Scheduled scanning, Necessary?

good discussion guys.

Heres a scenario… IF a novice user installs cavs and does not tinker with the settings at all, scheduled scanning wouldn’t be needed would it? since real time is actively scanning.

Indeed I agree with you and I support those willing to take this approach and acknowledge that defaults are meant for them to change at runtime.

IMHO is reasonable to encourage anyone to own the application they are willing to use rather than inducing them to believe they are owned by defaults.

So I guess the question would be:
Is it really unneeded and time-consuming a weekly scheduled scan to the point of asking to change the defaults provided by the installer instead of changing them once after installation?

That would also be a wise choice, Endymion. It brings the user into the role of deciding his own protection standards over letting someone else decide what they should be.

This point is slightly misleading, as the real time scanner will scan the .zip when you open it. It just isn’t scanned when the .zip is written to disk.

Please then tell me how should I rewrite it and I’ll edit my post :slight_smile: although just few lines before that I already pointed out that the realtime scanner will detect new uncompressed files written on the HD. :frowning:

Whenever zipped files are automatically extracted(uncompressed) when you open them only to see a list of their contents it is something I was unable to assume.

In cases that opening a zip will cause samples to be extracted the realtime scan will obviously detect those newly created files long before execution .

But it is not that opening a zip file will always cause the samples contained therein to be extracted and thus detected (nor that I clam to know all zip applications out there).

I don’t think you need to rewrite it. I was merely pointing out that the realtime scanner doesn’t overlook .zip files when it comes to execution. Your point made it sound like .zips were unsafe.

Sorry, poor terminology on my part. If all you are doing is exploring the .zip file (Context menu Open merely to see what the .zip contains) a scan isn’t instituted. Accessing any of the files within (While exploring) or extracting the contents will trigger a scan.

Interesting discussion…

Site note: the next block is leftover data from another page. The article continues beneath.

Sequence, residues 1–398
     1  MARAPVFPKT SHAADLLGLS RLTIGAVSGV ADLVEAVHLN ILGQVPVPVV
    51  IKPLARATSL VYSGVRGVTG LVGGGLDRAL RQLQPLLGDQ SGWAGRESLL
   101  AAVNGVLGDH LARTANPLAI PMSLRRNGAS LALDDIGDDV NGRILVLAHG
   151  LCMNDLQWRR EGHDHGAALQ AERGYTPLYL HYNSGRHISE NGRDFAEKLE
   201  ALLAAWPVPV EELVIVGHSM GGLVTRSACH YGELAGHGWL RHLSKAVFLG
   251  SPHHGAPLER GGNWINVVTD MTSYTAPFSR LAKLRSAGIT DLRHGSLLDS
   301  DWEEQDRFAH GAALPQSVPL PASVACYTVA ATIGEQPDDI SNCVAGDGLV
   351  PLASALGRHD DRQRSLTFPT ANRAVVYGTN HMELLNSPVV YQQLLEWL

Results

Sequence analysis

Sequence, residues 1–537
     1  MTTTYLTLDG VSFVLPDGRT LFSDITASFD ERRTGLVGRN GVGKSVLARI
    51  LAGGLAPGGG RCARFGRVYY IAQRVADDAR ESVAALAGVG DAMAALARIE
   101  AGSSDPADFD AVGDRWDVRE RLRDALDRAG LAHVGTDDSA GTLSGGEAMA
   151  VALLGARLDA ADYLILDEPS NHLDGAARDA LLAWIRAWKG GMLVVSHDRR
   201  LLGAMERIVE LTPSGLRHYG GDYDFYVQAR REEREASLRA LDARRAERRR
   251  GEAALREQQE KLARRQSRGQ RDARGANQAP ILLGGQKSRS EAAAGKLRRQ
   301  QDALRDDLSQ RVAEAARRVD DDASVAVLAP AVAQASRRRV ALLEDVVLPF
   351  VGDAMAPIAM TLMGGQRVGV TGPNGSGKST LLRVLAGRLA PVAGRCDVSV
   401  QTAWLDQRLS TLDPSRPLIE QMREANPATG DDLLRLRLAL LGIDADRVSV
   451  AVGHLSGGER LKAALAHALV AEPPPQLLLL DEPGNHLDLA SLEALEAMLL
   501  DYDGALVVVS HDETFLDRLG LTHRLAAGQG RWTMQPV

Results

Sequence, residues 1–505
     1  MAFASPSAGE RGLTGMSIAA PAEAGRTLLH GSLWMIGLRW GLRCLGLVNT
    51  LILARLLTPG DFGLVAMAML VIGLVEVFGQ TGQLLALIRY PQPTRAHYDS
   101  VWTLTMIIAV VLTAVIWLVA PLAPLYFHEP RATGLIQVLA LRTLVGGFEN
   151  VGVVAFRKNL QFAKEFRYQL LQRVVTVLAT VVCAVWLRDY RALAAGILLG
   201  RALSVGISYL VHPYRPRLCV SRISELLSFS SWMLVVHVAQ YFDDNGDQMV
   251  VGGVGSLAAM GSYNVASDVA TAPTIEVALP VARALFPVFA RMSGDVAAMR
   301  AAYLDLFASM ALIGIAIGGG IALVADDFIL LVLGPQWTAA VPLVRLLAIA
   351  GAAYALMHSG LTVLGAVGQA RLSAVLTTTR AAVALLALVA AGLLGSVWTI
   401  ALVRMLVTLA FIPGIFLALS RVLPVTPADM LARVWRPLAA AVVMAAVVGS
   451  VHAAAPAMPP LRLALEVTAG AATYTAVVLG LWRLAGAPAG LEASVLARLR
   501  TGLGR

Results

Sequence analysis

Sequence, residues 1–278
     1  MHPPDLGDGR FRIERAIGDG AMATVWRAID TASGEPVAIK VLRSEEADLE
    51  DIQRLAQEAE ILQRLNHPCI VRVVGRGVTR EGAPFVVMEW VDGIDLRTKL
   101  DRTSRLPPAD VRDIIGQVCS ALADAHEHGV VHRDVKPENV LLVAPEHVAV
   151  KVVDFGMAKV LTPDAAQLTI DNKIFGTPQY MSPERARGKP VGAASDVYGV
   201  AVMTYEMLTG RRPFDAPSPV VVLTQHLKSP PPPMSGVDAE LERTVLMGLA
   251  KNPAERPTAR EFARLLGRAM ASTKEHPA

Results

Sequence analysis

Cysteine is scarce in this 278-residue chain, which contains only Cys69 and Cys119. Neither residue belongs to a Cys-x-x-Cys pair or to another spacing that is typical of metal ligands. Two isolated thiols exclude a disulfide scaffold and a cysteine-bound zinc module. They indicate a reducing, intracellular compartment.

Any malware “on the way” to execution will be caught by realtime scanner.
so its fair to say that only the idle malware will be caught by on demand scanners. (idle malware is not executing hence can’t cause damage until it gets executed, in which case realtime will catch it)

Of course assuming that AVs treat the scanning process of realtime scanners same as on demand scanners.


I don’t think it’s needed, and i always disable scheduled scans if they are on by default.

I don’t even do manual scans very often, actually i only do manual scans if the real-time-protection have detected something.

And i only do use the right-click scan if i have downloaded something, or connected an USB-stick, that have been connected to another computer. :slight_smile:

We could be asked doing installation. But i really don’t care, if it’s Opt-In or Opt-Out by default.
And if it’s Opt-Out by default, it’s not hard to stop the scan, and disable the scheduled scans.

For novice users, i do think it rather should be Opt-Out by default, then Opt-In.

Exactly my point–an idle piece of malware can be detected and removed by a scheduled scan before it even gets a chance to try to execute. Since there always exists the possibility for a new malware package with a timed release payload to slip through real time scanning before the database has been updated to detect it, I feel that scheduled scans are a good thing to do. As I have stated, exactly the scenario I present did happen to me with the Navidad virus back when it was new. Only a scheduled scan saved me from getting the payload which as I recall was rather nasty and difficult to remove if it did trigger. From that time forward I have always allowed scheduled scans. You can say all you want that the realtime scanner will detect it when it tries to execute but I’d rather not have it even get the chance if possible.

Indeed is not difficult to change defaults if they don’t match personal preferences thus it should be already fine as it is.

Creating mirror options for the setup with the consequence of creating corresponding defaults is not going solve anything.

Users assuming that defaults should be preset to they own individual preferences rather than meant for them to change will raise a paradoxical scenario where users with opposite preferences ought to be addressed by the same presets without anyone willing to change the options but rather demanding those presets to be changed.